Author | John F. Rupp, MD

Articles

Tinea Corporis: An Overview

September 14, 2005

Dermatophyte infections have a predilection for certain anatomic sites, such as the feet, groin, and scalp. Tinea corporis refers to involvement of the trunk and extremities. The condition arises either from direct exposure to an infected source or by extension from an adjacent affected site. Itch is a common symptom, but the intensity of the pruritus can vary from patient to patient.

Atopic Dermatitis

September 14, 2005

The onset of atopic dermatitis can be seen in infants who have a family history of inhalant allergies, (eg, seasonal allergy, allergic rhinitis, or allergy-induced asthma). The cheeks and large flexural folds of affected children are erythematous and scaly. Involved areas of the trunk and extremities may exhibit discrete patches or a generalized rash.

Lichen Planus Manifesting with Lingual Burning and Stinging

September 14, 2005

Lichen planus is characterized by flat-topped, polygonal, purple pruritic papules that have a predilection for flexor aspects of the wrists and forearms, sides of the neck, thighs, shins, and lower back. Lesions on the oral mucosa appear as white, lacy patches.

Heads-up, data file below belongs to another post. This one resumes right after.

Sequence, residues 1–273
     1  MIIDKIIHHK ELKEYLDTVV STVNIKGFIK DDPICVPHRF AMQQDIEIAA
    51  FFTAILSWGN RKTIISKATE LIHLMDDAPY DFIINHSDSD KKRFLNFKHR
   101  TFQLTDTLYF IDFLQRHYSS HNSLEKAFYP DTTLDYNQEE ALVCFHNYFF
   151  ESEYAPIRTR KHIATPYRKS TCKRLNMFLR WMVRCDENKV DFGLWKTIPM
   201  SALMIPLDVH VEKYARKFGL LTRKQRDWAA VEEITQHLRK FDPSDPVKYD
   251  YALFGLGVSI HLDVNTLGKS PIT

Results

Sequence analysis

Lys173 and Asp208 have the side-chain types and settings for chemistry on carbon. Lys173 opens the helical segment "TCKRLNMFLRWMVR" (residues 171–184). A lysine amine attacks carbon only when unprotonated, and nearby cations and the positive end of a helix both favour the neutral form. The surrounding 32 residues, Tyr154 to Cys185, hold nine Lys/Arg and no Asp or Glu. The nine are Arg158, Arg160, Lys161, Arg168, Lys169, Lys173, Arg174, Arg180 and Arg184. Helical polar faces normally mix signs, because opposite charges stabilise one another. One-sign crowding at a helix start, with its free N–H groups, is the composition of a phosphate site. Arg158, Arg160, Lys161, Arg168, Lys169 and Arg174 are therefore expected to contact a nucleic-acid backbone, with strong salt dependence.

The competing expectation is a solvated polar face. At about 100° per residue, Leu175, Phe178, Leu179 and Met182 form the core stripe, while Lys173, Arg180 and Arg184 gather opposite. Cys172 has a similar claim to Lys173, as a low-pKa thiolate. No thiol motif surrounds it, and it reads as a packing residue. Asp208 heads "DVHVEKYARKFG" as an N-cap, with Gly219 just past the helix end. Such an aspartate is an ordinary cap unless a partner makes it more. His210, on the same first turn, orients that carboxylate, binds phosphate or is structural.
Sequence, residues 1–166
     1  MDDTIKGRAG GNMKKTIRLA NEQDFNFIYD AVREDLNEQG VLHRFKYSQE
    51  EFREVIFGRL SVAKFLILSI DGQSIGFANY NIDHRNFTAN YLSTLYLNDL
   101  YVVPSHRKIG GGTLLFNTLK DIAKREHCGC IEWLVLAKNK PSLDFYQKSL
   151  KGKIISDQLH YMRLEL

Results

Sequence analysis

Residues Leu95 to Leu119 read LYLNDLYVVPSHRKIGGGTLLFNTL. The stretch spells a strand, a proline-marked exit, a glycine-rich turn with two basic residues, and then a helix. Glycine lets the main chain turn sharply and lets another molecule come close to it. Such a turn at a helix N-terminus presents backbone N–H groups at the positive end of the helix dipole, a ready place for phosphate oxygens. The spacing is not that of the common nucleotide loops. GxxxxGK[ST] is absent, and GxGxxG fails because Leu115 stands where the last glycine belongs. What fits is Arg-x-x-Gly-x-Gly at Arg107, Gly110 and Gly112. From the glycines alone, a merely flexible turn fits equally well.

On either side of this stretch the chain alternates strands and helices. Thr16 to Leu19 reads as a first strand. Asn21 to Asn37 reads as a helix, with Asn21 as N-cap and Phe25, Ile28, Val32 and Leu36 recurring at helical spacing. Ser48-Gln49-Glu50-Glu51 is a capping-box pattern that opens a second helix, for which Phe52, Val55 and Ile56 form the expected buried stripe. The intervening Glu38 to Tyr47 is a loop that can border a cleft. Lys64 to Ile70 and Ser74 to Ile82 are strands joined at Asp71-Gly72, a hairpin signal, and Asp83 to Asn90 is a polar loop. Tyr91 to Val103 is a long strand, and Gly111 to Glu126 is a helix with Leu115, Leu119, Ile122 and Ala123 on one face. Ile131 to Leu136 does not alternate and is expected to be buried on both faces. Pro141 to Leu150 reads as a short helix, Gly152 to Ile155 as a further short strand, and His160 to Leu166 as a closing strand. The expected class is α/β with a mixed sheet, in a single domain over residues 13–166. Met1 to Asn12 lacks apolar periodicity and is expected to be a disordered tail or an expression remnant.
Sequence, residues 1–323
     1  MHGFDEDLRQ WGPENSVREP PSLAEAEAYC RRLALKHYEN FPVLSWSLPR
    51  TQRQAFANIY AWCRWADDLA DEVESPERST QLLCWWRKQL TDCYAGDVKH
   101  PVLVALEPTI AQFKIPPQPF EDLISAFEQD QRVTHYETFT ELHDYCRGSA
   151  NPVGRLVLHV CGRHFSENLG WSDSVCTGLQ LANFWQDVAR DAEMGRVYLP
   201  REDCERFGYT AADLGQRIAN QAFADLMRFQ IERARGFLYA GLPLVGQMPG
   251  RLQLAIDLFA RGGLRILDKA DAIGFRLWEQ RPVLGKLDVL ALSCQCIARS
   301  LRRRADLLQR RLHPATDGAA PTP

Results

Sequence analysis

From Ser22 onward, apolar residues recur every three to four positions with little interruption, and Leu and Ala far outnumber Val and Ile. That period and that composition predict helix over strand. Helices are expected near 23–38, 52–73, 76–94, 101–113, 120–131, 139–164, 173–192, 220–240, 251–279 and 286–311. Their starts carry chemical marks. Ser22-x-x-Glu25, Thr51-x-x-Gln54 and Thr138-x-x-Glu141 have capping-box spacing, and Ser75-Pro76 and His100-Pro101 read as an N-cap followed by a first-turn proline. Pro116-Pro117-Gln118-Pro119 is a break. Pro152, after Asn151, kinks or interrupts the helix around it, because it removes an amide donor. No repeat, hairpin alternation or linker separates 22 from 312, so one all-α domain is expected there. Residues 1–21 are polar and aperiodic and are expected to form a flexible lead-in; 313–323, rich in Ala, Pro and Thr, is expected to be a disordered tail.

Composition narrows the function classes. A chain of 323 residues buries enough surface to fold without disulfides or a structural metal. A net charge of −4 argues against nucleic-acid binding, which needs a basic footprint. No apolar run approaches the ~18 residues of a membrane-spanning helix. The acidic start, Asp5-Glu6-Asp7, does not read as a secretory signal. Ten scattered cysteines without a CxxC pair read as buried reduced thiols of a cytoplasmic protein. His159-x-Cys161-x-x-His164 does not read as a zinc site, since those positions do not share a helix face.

More About Scabies

September 14, 2005

Persistent, unremitting itch-which intensifies at night-is the chief complaint of patients with scabies. The female Sarcoptes scabiei mite (A) burrows into the stratum corneum, where she lays eggs. The parasite is transferred by intimate contact and fomites, such as infested clothing, towels, and bedding.

Pityriasis Rosea or Ringworm?

September 14, 2005

This self-limited eruption is characterized by erythematous, scaling, oval-shaped macules on the trunk and proximal extremities. Most outbreaks begin with a single, large patch-a mother or herald patch-that typically is found on the trunk. Commonly, this lesion is confused with ringworm.